Feature

Also of interest...in hucksters and con artists

The Museum of Extraordinary Things; Little Demon in the City of Light; The Swan Gondola; After I’m Gone

The Museum of Extraordinary Things
by Alice Hoffman (Scribner, $28)
Alice Hoffman’s latest novel offers “a brilliant portrait” of the splendors and miseries of 1911 New York City, said Wendy Smith in Newsday. A romance develops slowly here between a Coney Island sideshow mermaid and a cynical young crime photographer. But this “action-packed” book also weaves together a “tightly plotted” mystery and two catastrophic real-life fires that transformed the urban landscape. For the gifted Hoffman, the work marks “a return to top form.”

Little Demon in the City of Light
by Steven Levingston (Doubleday, $27)
This true-crime story “is not a whodunit but a will-they-get-away-with-it,” said Maureen McCarthy in the Minneapolis Star Tribune. In 1889 Paris, a prosperous court official went missing, and only the most dogged detective work connected the disappearance to a con man and his pretty consort. The characters “could have come from fiction,” but the whole scandalous tale is true, including the young woman’s claim that she participated in the murder while under hypnosis.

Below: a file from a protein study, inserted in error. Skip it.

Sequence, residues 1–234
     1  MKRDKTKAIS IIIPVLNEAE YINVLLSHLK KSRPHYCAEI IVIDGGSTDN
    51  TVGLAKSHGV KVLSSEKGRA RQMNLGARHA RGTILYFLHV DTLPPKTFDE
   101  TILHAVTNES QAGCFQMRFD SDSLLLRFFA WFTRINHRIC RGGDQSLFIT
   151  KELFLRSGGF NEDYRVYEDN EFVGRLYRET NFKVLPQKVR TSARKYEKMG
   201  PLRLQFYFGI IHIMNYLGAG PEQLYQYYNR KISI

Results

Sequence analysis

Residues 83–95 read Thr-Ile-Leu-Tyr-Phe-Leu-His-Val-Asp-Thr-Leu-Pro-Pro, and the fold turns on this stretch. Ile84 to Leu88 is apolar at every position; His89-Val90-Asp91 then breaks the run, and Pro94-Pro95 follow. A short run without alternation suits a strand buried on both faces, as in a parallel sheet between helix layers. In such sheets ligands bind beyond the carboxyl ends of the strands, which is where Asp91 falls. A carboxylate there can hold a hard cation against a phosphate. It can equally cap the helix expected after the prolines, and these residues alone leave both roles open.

The Swan Gondola
by Timothy Schaffert (Riverhead, $28)
Timothy Schaffert’s new book is “one of the best novels you’ll read all year,” said Laura Albritton in The Miami Herald. As the 1898 World’s Fair kicks off in Omaha, a likable rogue who arrives in a stolen hot air balloon sweeps a burlesque actress off her feet before a wealthier rival intervenes. A kidnapping, a murder, and a ghost add to the excitement, but The Swan Gondola stands as proof that even the kookiest story elements “can become the stuff of moving fiction.”

After I’m Gone
by Laura Lippman (Morrow, $27)
“Like everything else Laura Lippman has written, After I’m Gone transcends the limits of genre,” said Jonathan Yardley in The Washington Post. Her story about a bookmaker who went into hiding contains elements of a standard mystery. But mainly she’s concerned with the five women he left behind—his wife, his mistress, and his three daughters. When a cold-case detective gets each of the surviving women talking, the plot twists continue to the final pages.

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